The Door Is Open, No One's Coming In

It takes more than leaving your door open to communicate with employees

In grade school the principal always said you could come in to talk; as they say, her "door is always open." In all my years I never stepped into her office to simply converse. After all, that is where the kids go when they don't behave and she was slightly intimidating. If she needed to talk to me, I figured she would track me down.

What's interesting is that concept doesn't vary much from the work place.

Most managers brag they have an "open door policy." I would like to know how many employees truly take them up on that. That type of statement also leaves an employee to wonder, what exactly do you want me to say if I come calling? It's no surprise few enter.

The problem with this model is it puts all the work on the employee when it's really the manager's responsibility to make the effort.

 On farms managers typically work side by side with employees often thinking if they have something on their mind they will say it.  Simply working in close proximity doesn't correlate to a clear channel of communication.  Managers need to ask direct questions of their employees to ensure they are really on the same page. Sample questions include: How do you like your current role? What do you want to do with your career? Where do you think some of the hang-ups came from during harvest? What can I do to help you develop? What do you need from me to help you better succeed in your position?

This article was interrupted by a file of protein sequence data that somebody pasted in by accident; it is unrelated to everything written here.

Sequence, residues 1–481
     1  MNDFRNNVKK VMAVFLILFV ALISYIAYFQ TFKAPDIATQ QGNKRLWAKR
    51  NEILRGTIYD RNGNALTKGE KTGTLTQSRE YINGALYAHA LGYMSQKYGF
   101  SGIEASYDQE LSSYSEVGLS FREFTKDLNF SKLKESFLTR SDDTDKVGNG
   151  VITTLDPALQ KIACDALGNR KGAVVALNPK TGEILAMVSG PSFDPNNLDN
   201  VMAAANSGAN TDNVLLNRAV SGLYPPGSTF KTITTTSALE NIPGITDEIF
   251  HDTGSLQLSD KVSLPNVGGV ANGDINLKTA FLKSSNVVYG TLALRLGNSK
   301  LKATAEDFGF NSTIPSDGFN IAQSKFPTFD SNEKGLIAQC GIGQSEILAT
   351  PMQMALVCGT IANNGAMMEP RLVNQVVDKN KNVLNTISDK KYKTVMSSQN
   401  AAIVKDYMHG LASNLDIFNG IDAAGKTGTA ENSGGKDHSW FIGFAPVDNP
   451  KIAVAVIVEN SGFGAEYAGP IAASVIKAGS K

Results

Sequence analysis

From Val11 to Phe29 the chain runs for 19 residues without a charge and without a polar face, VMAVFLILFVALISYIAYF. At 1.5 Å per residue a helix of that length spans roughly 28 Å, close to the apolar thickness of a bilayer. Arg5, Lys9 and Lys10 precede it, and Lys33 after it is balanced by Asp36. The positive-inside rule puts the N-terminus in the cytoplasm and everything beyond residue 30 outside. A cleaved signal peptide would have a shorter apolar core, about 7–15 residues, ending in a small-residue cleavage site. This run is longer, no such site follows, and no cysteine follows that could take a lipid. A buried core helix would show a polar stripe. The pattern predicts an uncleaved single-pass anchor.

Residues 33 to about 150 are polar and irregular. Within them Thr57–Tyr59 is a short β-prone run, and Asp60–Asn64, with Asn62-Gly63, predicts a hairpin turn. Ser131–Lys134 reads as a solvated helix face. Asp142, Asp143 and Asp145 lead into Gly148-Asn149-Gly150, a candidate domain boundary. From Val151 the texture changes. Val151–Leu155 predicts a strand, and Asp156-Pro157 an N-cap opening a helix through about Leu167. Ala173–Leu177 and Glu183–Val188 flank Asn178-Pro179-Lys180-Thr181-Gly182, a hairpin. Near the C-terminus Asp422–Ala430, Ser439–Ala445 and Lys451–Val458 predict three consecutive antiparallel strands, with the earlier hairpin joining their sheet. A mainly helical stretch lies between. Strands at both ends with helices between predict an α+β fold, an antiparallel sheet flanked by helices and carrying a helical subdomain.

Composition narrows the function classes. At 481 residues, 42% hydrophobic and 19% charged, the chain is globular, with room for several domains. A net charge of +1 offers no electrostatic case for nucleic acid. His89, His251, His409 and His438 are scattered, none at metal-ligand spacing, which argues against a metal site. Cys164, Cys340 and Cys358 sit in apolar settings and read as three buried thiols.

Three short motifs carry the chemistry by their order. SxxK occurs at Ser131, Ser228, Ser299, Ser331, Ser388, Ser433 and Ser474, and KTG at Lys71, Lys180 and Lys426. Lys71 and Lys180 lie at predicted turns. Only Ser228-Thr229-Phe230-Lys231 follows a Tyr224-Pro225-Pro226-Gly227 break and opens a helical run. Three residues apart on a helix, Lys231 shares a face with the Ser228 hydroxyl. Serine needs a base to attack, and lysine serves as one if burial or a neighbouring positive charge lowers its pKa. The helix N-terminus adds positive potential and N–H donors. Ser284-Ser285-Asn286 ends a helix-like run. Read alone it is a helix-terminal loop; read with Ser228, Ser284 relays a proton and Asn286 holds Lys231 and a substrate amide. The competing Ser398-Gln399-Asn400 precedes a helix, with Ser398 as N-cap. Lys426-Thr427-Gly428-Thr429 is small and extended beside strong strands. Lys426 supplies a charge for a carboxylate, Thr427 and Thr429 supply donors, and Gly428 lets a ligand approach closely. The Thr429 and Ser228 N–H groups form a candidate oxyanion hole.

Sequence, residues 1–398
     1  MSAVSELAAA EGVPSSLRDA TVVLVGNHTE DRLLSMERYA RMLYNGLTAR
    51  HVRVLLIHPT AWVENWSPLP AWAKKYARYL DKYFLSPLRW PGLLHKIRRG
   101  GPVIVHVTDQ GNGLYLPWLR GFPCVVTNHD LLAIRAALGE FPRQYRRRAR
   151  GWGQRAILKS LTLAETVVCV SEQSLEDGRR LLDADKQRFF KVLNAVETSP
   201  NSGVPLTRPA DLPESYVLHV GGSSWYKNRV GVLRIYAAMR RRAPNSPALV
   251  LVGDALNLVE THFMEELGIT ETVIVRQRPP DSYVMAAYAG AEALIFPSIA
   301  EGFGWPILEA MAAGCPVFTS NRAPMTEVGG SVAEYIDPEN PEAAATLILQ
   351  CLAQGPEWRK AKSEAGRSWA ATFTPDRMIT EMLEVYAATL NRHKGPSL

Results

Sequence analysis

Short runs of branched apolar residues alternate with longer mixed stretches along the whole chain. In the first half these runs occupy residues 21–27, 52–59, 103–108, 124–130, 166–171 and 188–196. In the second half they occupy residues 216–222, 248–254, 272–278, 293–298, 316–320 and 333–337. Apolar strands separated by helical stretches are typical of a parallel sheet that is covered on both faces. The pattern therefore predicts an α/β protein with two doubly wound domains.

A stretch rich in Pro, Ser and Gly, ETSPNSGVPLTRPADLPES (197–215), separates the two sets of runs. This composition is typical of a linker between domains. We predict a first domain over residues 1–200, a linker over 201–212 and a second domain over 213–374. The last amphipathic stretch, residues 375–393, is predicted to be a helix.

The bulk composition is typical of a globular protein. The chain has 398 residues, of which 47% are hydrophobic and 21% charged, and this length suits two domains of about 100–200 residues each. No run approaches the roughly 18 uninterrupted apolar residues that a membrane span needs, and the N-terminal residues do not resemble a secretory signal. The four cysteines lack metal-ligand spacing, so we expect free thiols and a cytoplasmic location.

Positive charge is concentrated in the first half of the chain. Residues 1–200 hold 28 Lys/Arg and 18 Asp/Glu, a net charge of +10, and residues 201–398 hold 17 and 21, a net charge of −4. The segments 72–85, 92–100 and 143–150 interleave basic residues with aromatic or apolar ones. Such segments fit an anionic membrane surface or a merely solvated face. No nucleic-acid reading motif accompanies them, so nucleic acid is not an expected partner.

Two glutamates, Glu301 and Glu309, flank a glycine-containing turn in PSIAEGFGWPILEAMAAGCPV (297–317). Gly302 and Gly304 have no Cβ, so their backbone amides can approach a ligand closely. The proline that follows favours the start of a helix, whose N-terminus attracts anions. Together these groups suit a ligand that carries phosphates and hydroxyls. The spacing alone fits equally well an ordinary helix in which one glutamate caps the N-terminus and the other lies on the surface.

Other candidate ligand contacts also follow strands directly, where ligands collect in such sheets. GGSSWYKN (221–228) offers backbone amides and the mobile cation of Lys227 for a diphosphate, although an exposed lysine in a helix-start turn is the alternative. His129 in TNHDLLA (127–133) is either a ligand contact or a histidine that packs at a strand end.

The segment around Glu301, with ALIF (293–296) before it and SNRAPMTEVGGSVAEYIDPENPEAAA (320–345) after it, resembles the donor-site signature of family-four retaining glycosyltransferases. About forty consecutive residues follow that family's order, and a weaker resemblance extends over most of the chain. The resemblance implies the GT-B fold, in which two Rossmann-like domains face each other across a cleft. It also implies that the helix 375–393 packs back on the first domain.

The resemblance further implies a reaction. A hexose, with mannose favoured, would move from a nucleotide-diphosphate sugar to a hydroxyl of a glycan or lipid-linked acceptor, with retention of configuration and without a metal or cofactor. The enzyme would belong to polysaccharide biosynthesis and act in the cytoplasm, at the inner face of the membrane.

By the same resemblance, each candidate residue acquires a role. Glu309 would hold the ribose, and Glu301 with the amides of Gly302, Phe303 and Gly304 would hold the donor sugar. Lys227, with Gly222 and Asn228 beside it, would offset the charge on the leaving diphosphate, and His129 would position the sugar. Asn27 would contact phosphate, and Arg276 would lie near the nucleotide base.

Remember, an "open door" really stands for being "open minded."  Make sure that your door isn't slamming employees as they walk out. Be open to listening to their thoughts, challenges and feedback. This is an opportunity to partner with your employee on solving a problem or praising them for their efforts. It's an opportunity to build your relationship and essentially motivate that employee.

I was reminded once again this week in doing a lot of executive interviewing, the best execs really understand the impact of building those relationships with employees. They are constantly asking for insight, feedback, ideas from the staff. They are known for getting the entire team involved and they encourage healthy debate, not avoid it.

Next time when you have the opportunity, take the time to open your door and go seek the questions you want answered.

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